Does network involvement matter? Using relational intervention data to explain change in personal networks of parents during a family intervention.

Lukas Fellmann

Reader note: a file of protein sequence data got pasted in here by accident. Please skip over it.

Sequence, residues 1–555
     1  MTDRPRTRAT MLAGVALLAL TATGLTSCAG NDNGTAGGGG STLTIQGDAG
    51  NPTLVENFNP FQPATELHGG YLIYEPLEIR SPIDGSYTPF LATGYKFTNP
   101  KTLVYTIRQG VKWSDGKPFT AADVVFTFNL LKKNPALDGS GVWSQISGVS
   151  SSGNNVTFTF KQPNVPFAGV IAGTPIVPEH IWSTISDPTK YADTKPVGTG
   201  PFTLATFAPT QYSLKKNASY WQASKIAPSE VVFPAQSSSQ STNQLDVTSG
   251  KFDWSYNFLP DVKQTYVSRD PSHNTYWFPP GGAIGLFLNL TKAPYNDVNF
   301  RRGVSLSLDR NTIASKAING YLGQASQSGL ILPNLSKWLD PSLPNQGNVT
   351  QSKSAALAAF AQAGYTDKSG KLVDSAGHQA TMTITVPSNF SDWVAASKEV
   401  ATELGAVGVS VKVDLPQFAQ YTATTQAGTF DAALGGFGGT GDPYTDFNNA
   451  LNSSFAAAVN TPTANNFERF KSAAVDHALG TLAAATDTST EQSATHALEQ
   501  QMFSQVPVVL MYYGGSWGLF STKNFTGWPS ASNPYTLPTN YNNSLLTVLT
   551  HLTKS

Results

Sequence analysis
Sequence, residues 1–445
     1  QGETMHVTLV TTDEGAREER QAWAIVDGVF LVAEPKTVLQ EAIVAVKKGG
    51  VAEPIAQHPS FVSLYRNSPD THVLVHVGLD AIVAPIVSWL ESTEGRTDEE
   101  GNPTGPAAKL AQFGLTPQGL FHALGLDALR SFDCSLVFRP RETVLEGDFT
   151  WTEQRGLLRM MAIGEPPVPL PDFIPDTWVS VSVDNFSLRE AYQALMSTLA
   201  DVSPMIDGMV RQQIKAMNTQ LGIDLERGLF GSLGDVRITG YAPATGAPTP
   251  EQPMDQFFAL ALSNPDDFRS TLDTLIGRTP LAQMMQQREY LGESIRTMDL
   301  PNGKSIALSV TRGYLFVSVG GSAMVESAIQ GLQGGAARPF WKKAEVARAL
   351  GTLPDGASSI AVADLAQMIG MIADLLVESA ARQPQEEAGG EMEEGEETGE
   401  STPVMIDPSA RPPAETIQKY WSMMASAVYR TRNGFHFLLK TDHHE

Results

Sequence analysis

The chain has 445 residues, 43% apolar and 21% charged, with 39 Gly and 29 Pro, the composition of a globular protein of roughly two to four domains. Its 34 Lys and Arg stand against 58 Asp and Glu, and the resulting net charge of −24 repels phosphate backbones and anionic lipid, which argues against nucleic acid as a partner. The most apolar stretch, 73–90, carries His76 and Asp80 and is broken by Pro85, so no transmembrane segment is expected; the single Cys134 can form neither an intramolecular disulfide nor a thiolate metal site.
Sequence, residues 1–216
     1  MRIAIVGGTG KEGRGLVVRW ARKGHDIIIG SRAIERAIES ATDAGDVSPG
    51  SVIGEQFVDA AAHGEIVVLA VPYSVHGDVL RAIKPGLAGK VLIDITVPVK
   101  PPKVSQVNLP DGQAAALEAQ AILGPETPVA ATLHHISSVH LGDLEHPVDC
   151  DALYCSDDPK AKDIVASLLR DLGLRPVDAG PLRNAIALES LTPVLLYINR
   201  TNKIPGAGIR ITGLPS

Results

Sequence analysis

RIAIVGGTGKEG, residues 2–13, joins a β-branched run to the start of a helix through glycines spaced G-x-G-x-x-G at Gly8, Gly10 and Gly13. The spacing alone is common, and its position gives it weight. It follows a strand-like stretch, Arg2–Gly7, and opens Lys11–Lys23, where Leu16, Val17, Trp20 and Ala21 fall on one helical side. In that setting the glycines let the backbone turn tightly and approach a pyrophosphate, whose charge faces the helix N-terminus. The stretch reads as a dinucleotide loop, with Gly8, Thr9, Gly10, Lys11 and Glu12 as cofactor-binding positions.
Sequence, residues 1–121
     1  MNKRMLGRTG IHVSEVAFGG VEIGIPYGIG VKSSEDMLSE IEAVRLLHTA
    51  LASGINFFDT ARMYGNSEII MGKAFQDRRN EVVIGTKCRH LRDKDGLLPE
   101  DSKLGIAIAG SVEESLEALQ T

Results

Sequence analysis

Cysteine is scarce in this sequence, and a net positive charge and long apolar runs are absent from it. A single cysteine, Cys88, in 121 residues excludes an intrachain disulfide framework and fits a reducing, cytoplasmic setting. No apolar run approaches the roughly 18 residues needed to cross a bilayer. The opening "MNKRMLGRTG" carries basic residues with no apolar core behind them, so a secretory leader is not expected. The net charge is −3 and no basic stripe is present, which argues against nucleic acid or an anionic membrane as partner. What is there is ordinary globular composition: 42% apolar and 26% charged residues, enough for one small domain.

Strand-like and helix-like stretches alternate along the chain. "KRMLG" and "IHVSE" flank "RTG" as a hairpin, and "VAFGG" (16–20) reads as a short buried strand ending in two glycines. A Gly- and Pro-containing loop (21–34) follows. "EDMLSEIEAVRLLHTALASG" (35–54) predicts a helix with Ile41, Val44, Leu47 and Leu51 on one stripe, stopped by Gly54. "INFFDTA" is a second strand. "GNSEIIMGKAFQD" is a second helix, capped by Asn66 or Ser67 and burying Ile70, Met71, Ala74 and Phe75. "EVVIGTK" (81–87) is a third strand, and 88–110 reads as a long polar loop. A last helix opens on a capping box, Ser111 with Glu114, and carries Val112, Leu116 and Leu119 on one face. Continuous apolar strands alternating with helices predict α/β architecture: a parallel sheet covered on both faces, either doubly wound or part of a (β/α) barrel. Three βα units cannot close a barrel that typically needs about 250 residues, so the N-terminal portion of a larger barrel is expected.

Personal networks of parents are a complex web of interdependent relationships that go beyond the boundaries of the household. Research has shown that personal network configurations have a strong influence on the quality of parenting. Particularly, social support has been stressed as an important factor with many positive effects. However, personal relationships can also be a source of frequent conflict, stress, control or ambivalence. In fact, the co-occurrence of positive and negative dimensions is a common feature of personal networks of parents. Against this background, the consideration of personal networks of parents using child welfare services is highly relevant to understand their embeddedness in social contexts. The current state of research shows that there is a lack of studies about the impact of family interventions on networks of families or family members. In the current study I examined change in personal networks of n= 46 parents receiving a home visiting family intervention in the German-speaking part of Switzerland. This service addresses families in which the well-being of a child is at risk. To measure change in the personal networks of the parents I applied a fixed panel design with three measurement points. The egocentric networks of the parents were collected with the Personal Network Method (PNM) including alter-alter relationships. The main assumption of this study is that change in network structures is largely associated with the involvement of people in the intervention who are in or outside of the parent’s network. To collect this information, the social workers were asked to indicate whom they involved in the intervention (so called relational intervention data). The following results refer to the time between the start of the intervention and six months later. On average, the social workers involved three people who were listed in the personal networks of the parents, which is 41 percent. Additionally, they involved on average three and a half people who were not part of the personal network of the parent. These were mainly professionals, such as teachers or psychologists. Results show that the percentage of network members involved in the intervention has a significant positive effect on the density in the support networks. The number of people who were involved in the intervention but who are not member of the personal network of the parent has a significant negative effect on the in-degree and out-degree of the parent in the support networks. This could indicate that the involvement of people outside of the network substitutes support in the personal networks of the parents. However, network involvement did not have any significant effects on the network measures of the conflict networks. This might suggest that change in support and conflict networks have different mechanisms. The results of the study show that combining egocentric network analysis and relational intervention data can be a promising approach for researching the impact of social interventions on networks.

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